EU announces plans to better protect its sensitive technologies from foreign snooping

BRUSSELS (AP) — The European Union announced plans on Tuesday to better protect its cutting-edge technologies from foreign snooping that might threaten its economy and security in the wake of repeated warnings that the bloc needs to “de-risk” its relations with China.

“Technology is currently at the heart of geopolitical competition and the EU wants to be a player, and not a playground,” European Commission Vice President Vera Jourova said.

To better protect its relatively open market, the European Commission wants the member states to immediately carry out risk assessments of its most sensitive industries, including advanced semiconductor, artificial intelligence, quantum and biotechnologies.

Those are considered “highly likely to present the most sensitive and immediate risks related to technology security and technology leakage” and are up for the highest level of protection.

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Even though the European Commission refrained from putting the onus on any specific country, the EU itself has repeatedly said that it must be better prepared to develop measures to protect trade and investment that China might exploit for its own security and military purposes.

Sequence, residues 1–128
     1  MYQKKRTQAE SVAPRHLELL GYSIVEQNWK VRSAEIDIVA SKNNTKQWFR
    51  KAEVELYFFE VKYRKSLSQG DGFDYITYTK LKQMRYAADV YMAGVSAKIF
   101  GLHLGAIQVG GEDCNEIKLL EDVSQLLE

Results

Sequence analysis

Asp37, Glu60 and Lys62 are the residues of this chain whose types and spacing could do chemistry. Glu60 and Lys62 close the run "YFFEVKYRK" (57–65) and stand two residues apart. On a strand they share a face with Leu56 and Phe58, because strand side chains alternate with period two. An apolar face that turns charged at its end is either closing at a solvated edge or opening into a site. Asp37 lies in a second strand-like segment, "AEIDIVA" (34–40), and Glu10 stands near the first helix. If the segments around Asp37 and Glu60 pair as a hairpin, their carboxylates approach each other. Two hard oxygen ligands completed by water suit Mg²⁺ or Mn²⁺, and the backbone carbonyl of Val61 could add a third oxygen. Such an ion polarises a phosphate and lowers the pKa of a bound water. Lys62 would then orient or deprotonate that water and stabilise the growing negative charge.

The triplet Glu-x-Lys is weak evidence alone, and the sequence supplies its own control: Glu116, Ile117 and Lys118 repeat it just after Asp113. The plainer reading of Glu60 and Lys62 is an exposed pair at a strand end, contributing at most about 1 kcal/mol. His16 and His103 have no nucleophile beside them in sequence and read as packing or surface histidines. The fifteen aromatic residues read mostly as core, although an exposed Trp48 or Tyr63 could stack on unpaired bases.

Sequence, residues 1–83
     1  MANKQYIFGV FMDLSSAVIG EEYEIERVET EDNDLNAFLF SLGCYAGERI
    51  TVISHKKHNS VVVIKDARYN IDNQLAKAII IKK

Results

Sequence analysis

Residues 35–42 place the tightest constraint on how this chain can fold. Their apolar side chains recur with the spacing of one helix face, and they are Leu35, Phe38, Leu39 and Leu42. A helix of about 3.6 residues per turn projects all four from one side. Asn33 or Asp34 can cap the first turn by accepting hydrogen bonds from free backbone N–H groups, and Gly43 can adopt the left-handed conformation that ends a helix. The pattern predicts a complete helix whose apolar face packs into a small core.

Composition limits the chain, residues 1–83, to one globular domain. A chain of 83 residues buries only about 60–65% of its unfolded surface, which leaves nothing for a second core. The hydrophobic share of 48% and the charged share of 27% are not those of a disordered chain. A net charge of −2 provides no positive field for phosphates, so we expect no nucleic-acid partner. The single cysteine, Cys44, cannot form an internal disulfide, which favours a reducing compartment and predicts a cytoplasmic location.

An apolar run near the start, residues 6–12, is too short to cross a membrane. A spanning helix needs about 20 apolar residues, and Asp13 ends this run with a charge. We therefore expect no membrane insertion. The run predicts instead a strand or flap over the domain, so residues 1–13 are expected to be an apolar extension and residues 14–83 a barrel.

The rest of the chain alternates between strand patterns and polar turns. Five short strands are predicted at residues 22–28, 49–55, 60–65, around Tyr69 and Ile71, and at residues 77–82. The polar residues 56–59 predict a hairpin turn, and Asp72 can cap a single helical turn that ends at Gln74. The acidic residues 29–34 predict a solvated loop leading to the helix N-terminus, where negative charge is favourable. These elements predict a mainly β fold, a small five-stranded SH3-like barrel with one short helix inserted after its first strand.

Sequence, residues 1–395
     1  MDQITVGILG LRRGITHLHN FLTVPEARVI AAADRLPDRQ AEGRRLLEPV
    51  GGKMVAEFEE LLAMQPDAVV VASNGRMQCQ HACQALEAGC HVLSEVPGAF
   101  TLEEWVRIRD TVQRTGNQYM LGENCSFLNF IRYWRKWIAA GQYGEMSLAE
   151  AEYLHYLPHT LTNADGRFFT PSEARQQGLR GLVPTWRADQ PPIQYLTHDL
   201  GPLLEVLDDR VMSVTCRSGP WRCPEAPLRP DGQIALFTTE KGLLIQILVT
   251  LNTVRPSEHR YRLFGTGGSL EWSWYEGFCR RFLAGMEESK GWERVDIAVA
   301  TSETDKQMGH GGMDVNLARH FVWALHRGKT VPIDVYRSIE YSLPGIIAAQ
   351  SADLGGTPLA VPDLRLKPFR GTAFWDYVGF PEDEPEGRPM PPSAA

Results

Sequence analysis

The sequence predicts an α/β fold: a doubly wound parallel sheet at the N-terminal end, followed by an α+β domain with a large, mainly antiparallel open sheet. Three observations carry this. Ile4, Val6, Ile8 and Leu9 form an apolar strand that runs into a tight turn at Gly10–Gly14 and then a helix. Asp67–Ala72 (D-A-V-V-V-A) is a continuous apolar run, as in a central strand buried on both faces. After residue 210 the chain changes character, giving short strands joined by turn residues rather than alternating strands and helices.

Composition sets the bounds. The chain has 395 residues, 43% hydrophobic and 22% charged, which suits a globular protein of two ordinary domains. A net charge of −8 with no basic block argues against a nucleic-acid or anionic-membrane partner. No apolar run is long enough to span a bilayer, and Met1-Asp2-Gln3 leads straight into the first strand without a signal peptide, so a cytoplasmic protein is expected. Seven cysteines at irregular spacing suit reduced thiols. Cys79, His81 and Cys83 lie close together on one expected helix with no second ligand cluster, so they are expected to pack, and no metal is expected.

“China indeed is a big elephant in general terms, but in our recommendation, we are country agnostic,” Jourova said.

Thierry Breton, the EU’s internal market commissioner, said that the measures would reach well beyond Beijing.

“We want to de-risk, but not only with China, with everybody, including some time, if it’s needed, with some of our like-minded partners,” he said.

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How the risk assessments would be followed up with measures wasn’t fully clear.

The measures are the latest example of the struggle the 27-nation has in setting its relations with Beijing. The EU has said that despite sometimes fundamental differences on human rights and state involvement in the economy, it was no option to fully decouple relations with such a superpower.

Hence, the EU has sought to center on de-risking relations, and better protecting its vital economic sectors from undue interference.

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